It’s also a bad idea to simply pull down contacts from a media database without manually verifying the topics they cover on a daily basis. That can leave you with contacts who wouldn’t be interested in the content you’re sending.
If you’re struggling to gain traction on a campaign, go back and revisit your outreach list.
If you originally pitched the campaign largely to top-tier media, consider stepping back a little and compile a list of contacts from second-tier publications or niche sites within your industry.
Take a wider approach, yet one where the prospects are all still highly targeted in so much as you’re able to justify why each is being pitched.
On the other hand, don’t be afraid to pitch a campaign to multiple journalists at a publication. Different journalists will have different daily agenda’s and content schedules and pitching only to a single one from each can result in missed opportunities.
If you’ve been manually compiling outreach lists, consider investing in a media database such as Anewstip or Gorkana.
This can save time by providing you with a searchable database. Just make sure you manually verify contacts for relevancy.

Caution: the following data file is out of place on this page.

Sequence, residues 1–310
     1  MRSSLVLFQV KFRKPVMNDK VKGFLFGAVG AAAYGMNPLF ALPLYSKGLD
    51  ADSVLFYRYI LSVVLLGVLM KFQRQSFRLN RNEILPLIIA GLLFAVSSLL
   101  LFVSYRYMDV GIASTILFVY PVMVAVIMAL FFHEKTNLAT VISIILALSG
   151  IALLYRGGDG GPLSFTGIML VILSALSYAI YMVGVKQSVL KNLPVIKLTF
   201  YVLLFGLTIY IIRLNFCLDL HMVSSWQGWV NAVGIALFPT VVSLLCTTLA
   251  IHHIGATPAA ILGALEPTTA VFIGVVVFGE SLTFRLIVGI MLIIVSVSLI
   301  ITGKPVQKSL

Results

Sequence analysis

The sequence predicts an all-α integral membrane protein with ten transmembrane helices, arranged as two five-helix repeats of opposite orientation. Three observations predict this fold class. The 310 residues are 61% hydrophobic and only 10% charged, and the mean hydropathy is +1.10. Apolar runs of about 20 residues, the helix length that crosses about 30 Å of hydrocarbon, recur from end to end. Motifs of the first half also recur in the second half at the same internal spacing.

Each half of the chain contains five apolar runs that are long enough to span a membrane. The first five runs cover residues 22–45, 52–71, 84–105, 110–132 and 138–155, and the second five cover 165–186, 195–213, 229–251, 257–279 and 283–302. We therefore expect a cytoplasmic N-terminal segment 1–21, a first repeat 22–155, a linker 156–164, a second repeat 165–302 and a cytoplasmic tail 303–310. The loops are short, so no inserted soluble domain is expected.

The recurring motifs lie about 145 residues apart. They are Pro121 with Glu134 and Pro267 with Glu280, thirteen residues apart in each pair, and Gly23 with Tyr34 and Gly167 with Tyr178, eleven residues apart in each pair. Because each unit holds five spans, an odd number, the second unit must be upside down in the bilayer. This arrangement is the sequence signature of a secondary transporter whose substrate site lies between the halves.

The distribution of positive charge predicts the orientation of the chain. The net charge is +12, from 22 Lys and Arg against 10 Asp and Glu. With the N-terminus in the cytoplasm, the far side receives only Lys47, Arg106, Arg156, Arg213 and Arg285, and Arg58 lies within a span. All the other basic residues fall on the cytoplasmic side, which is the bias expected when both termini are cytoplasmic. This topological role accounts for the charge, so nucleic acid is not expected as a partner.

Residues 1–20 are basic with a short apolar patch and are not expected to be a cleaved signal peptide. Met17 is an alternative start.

5. Find a Fresh Hook
In some instances, a campaign underperforms simply because the timing was wrong.
It’s easy to launch a campaign without truly considering the timing and when you relaunch at a later date, you see the results you’re looking for.
Launched a travel campaign in the winter months? Ask yourself whether it was really the right time or whether there would have been a better hook as the summer approaches.
While it’s always a good idea to avoid campaigns which are hooked to a very small period of time (a sporting event, a music festival, Christmas or the like), what can work brilliantly is hooking in wider evergreen campaigns to specific events.
6. Rewrite Your Outreach Email
Did your original outreach email really engage journalists and sell the story?
Hopefully, you’re tracking clicks to your asset; and if you are, pay close attention to the click-through rate.
If you’re seeing worryingly low figures, there’s a good chance that your email simply didn’t capture the attention of the recipients and get them excited about your campaign.
As strange as it sounds, this isn’t always the worst scenario to be in.
If recipients have opened your email but haven’t clicked, in theory, they haven’t seen your campaign asset which gives an opportunity to totally rewrite your outreach email and re-pitch as if it were a new campaign.
Did you send a short email originally with the main concept highlighted? Try going far more in-depth and offering further details and hooks.
On the other hand, if you went in depth the first time around, there’s a chance that the main headlines and hooks got lost amongst too much information. Try a simple and to the point pitch which highlights the main single point you’re pushing.
Don’t be afraid to experiment with attaching press releases, sending a short introduction and a link to your asset, and embedding images.